About 200 people, including some in costume, crisscrossed Thurston County in their vehicles on Sunday to raise money for Morningside, a longtime nonprofit in Olympia that provides job placement services to individuals with disabilities.
For the “ride” portion of the event, now in it’s ninth year, teams of two or more gathered at Olympia High School and then set off in their cars to answer 53 questions about various landmarks in the county. Following that, the teams met two hours later at the Lucky Eagle Casino & Hotel event center in south Thurston County for breakfast and to acknowledge winners and hear more about Morningside’s services.
The theme of this year’s ride was the movies, so many participants showed up in costume and posed for photos. Among them was Shirley Jones, who dressed as Robin Hood, and Teriann Hawkeswood, dressed as Maid Marian. Both are local business owners, and both said it was their first time participating in the event. They enjoyed it so much they plan to do it again, they said.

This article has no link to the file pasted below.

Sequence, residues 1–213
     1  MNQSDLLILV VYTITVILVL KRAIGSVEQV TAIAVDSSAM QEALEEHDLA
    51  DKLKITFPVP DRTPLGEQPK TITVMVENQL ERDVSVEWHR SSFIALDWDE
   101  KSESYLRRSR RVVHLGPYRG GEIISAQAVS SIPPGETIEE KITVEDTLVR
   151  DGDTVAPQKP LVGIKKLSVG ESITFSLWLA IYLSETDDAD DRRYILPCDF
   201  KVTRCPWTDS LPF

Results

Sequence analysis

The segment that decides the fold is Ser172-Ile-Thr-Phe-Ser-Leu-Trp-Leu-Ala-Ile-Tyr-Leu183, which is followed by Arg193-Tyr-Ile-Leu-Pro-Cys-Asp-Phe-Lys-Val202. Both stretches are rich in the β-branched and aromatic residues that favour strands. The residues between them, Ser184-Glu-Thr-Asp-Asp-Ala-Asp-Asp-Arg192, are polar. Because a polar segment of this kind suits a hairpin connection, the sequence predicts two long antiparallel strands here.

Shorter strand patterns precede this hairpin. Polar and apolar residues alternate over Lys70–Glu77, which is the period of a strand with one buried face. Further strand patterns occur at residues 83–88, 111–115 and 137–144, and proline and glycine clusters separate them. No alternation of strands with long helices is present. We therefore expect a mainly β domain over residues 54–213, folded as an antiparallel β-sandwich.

The event raises about $30,000, mostly from sponsorships, for high school transition programs, said longtime President and Chief Executive Jim Larson. The programs help individuals with disabilities transition to the working world from special education classes in high school, he said.
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Morningside has been around for 53 years and was created to give people with disabilities an opportunity to work. Before its creation, people with disabilities often stayed at home or were institutionalized, Larson said.
Since then, Morningside has grown to five locations and placed more than 200 people in jobs in 2015, he said.
Because he works in job placement, Larson said he is always queried about the state of the economy. During the Great Recession, job placement was tough because individuals with disabilities are sometimes the first to be let go. But the economy has improved since then, he said, and Morningside could hit 250 job placements this year.